Unseasonal rainfall and the late arrival of winter are mostly to blame for the harm caused – principally to industrial sugar yields and cane gathering activities --to the 2015/16 Cuban sugar cane harvest.
Dionis Pérez, Director of Information, Communications and Analysis for the Azucarero Azcuba Group, told The Havana Reporter that Cuba had not been immune to the trail of anxiety and distress left by the El Niño phenomenon, because a prolonged drought followed by intensive and continuous downpours had lowered sugar production indicator results.
“We have had days when between 250 and 300 combine harvesters could not work due to waterlogged fields, which in turn resulted in lower quantities of cane for milling and a drop in production” he said.
According to the official, virtually all cane -- with a nationwide average index in excess of 90% -- in the country is now mechanically harvested. Some provinces such as Holguin in the east of Cuba and Matanzas in the west cut all their cane with machines.
“Macheteros” are presently only employed in Guantánamo and Granma in the east, where the use of machines is difficult in cane fields with uneven formations.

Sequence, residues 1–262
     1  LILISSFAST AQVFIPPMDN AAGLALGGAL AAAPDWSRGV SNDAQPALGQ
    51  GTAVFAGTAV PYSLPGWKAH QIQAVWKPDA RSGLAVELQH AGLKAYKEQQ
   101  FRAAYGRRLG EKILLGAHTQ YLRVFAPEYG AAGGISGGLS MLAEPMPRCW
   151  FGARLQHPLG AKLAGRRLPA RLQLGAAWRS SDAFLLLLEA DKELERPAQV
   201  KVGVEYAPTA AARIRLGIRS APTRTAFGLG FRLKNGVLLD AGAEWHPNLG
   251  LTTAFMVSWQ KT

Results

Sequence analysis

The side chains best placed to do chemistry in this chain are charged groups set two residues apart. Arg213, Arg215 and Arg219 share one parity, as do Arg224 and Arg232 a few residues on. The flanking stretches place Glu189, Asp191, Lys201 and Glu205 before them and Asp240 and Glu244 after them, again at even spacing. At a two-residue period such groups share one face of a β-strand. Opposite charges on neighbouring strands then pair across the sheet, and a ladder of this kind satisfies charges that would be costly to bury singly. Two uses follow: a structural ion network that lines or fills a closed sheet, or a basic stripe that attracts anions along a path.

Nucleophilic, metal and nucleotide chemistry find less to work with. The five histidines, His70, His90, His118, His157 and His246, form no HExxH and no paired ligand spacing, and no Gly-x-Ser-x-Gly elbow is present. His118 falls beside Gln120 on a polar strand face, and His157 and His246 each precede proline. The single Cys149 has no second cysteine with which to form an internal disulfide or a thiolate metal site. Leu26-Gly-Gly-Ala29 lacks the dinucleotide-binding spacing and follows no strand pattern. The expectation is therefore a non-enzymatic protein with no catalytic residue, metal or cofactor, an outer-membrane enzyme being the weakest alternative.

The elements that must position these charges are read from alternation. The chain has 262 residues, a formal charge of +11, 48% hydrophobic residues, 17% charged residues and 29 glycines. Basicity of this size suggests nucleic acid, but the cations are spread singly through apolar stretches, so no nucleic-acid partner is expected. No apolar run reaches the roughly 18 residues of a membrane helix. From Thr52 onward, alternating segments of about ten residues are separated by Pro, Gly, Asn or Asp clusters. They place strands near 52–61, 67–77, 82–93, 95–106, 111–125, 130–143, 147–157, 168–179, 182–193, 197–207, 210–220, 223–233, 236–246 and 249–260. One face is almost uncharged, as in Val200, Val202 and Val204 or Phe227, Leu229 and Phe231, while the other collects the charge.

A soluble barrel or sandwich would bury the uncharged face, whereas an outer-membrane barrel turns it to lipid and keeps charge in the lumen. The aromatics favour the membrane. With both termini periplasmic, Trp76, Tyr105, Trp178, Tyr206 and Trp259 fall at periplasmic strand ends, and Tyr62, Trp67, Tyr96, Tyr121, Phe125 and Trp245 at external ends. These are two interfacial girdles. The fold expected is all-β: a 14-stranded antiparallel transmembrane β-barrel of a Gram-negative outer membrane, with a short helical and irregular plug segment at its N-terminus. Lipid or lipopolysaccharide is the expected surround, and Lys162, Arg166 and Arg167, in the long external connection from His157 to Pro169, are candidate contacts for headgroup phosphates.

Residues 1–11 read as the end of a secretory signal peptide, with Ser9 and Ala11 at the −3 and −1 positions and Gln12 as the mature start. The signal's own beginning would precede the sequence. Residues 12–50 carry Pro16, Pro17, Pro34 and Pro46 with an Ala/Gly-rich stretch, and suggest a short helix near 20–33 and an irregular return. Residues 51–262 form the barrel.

A number of modern Brazilian harvesters fitted with tracks and trailers with special tyres for working in rain soaked fields have been used in places for the past two years with positive results.
Nevertheless, the problem of roads in a poor state of repair remains and when flooded, the trucks carrying cane that use them, often become bogged down.
Perez explained that the added problem existed of cane coming in with earth and other materials that are difficult to extract in the context of complex working conditions.
Such objective difficulties, that resulted in a 30% time-loss to the industry during this campaign notwithstanding, the targeted potential Cane Output Efficiency yields (RPC in Spanish) for cane, once in the factory, have been attained.
Many of the 50 mills participating in this year’s harvest had to delay starting because of the complex conditions created by El Niño.
According to the Director, one of the strategies adopted to confront the consequences of the phenomenon is the prioritizing of the “direct fire” harvesting of cane crops within 20km of a plant, to reduce quality deterioration and ensure freshness.
He stressed that on dry days, a mill industry potential yield target of 76% exploitation had been met and surpassed.
The object now is not to let efficiency levels slide and to reach the maximum possible production in this harvest, a serious challenge of itself, whilst maintaining the trend of increased volumes obtained over the past five years.Share on FB Share on TT